(One very minor quibble - the actual scoring system is loser scores the number of agenda points actually scored, the winner scores 10 points.)

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Jens Kreutzer
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Quote:
If the first Ice in that data fort is face-down, it gets revealed to show what kind of Ice it is; such as Wall, Code Gate, Sentry or a more obscure type like AP & Hellhound.


Congratulations on discovering Netrunner! Still my favourite, too.
Just to make sure: Ice does not necessarily get revealed when the Runner approaches it during a run. It only gets revealed if the Corp rezzes it (or if the Runner has some kind of detection).

Quote:
If it’s face-up, it just means either it has been revealed by an action or a previous run. Usually the Corp will try to ‘rezz’ (pay the cost to activate it) the Ice so as to force the Runner to have to bypass & beat it.


Again, just to make sure: The Corp only has to pay once to rez ice; it is then active for all subsequent runs.

Keep running and enjoy!
 
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Matt Tonks
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Simon J wrote:
Quote:
was also lucky enough to get the chance to buy a massive set from an old Netrunner player in the UK

Hey - not so much of the 'old' - I shall have to come to Milton Keynes to show you how Netrunner should be played sometime!


Ha! I meant 'old' as in you played it years ago

Simon J wrote:

(One very minor quibble - the actual scoring system is loser scores the number of agenda points actually scored, the winner scores 10 points.)


Thanks for pointing that out - perhaps my regular gaming buddy remembered that bit slightly wrong. He only started playing again with me & the previous time was some 5 years ago or so...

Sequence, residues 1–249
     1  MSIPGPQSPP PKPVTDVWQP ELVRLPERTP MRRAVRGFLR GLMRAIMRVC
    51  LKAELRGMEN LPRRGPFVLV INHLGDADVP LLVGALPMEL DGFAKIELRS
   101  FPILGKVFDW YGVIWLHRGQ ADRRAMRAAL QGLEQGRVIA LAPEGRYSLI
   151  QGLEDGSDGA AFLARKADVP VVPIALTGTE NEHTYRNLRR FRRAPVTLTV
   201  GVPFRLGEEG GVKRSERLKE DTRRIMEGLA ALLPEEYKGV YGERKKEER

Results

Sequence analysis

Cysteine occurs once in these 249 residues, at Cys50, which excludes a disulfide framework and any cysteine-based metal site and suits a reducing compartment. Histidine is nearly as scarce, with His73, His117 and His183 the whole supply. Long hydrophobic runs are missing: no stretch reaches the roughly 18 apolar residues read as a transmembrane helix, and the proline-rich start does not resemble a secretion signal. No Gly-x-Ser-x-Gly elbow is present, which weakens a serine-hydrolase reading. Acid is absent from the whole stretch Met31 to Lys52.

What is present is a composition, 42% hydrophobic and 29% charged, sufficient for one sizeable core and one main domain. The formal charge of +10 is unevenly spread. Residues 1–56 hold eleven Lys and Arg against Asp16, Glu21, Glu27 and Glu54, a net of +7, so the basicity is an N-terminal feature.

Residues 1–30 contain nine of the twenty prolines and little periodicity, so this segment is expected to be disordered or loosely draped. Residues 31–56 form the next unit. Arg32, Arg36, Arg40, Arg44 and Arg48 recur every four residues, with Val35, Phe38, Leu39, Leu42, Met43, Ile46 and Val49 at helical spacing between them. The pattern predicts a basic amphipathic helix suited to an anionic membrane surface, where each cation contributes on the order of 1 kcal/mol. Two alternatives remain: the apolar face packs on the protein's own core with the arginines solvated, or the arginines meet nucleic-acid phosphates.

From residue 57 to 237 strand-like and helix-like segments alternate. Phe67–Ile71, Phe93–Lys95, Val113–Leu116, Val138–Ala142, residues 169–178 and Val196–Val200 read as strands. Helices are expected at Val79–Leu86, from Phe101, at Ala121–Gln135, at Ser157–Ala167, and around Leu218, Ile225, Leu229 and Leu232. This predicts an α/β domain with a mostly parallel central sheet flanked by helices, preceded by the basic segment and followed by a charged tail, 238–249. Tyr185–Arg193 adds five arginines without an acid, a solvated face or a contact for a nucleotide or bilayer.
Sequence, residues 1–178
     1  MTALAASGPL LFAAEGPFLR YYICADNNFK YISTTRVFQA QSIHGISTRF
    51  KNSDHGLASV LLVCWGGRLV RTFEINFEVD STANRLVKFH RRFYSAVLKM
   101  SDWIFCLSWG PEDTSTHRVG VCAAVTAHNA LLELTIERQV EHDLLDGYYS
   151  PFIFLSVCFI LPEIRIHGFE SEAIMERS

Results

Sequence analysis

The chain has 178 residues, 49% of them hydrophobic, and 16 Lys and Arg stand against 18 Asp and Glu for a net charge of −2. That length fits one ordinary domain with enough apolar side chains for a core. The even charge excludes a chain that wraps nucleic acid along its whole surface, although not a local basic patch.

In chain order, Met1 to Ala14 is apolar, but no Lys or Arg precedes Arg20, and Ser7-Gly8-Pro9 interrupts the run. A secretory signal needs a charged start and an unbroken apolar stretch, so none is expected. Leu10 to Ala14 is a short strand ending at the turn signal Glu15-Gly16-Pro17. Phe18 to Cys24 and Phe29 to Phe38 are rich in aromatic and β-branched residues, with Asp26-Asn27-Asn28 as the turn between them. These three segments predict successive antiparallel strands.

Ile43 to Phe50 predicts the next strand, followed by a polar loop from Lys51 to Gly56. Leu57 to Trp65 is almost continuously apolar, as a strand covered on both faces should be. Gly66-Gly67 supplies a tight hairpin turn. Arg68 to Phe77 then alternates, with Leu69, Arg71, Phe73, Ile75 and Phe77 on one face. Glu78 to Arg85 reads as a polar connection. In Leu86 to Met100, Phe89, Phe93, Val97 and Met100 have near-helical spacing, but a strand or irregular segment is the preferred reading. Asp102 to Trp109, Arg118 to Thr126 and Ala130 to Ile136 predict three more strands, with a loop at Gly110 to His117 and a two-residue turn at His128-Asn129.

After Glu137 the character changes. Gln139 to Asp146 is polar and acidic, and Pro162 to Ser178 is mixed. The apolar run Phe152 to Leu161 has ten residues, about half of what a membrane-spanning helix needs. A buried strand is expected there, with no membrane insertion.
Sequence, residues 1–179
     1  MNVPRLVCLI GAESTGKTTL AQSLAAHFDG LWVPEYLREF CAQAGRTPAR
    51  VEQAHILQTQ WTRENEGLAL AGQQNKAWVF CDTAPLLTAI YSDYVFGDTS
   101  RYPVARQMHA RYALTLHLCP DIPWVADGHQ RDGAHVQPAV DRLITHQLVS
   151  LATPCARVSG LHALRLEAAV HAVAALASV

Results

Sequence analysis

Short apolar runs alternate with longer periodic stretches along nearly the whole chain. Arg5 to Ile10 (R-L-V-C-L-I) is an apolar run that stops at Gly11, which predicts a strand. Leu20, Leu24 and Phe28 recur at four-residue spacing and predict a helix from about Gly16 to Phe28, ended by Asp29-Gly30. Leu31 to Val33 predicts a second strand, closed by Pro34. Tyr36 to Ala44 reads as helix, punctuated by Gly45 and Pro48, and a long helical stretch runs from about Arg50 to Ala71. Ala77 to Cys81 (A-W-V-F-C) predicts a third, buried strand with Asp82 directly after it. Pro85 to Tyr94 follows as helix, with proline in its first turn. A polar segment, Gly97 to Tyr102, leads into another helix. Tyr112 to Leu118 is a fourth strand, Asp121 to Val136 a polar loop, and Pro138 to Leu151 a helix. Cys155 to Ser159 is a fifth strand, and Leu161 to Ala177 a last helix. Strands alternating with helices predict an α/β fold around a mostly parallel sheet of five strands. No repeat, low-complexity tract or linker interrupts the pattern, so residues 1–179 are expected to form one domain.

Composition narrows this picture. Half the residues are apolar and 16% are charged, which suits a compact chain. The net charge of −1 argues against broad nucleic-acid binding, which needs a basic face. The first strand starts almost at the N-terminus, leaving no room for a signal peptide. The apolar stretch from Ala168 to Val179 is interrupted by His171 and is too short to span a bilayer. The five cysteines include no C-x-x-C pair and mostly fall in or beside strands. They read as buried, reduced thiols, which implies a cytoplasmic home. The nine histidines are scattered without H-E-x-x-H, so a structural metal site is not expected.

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Dan Scott
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Great review for this great game.. glad to see it get a little attention these days. As mentioned earlier, a starter deck is all you need and I've seen some of those go for 20-30 bucks on ebay.
 
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Richard Dewsbery
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Netrunner was both a very good game and also died an early death for pretty much the same reason - it was a collectable card game that allowed you to play well pretty much regardless of the cards that you had, and where bluff and finesse had more to do with the end result than the number of rare cards that you could afford - in fact most of the rares were pretty situation-specific, and the game played just as well with a bunch of starters and/or commons than the suitcase of rares that broke many a Magic player's bank. Great for players, lousy for a company who just wantsto print dollar bills.
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David Chapman
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The market having moved on and developed new models since Netrunner's initial release, it might be worth sticking an oar in to WOTC suggesting that the game be re-released as an LCG. 52-card decks for Corp and Runner, potentially up to three sales per deck per buyer, and they already have a base game plus four expansions designed. I think it would sell.
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John "Omega" Williams
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Lots of luck that. WOTC doesn't own the rights to the Netrunner setting. R Talsorian does. WOTC owns the CCG rules. Talsorian owns the Cyberpunk 2020 setting Netrunner is, er, set in... You'd have to get *both* companies to agree to a reprint. WOTC cannot do jack with Netrunner without Talsorians permission. They could re-theme the rules. But then it certainly wouldn't be Netrunner.


Jedit wrote:
The market having moved on and developed new models since Netrunner's initial release, it might be worth sticking an oar in to WOTC suggesting that the game be re-released as an LCG. 52-card decks for Corp and Runner, potentially up to three sales per deck per buyer, and they already have a base game plus four expansions designed. I think it would sell.
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Pete Martyn
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kihu wrote: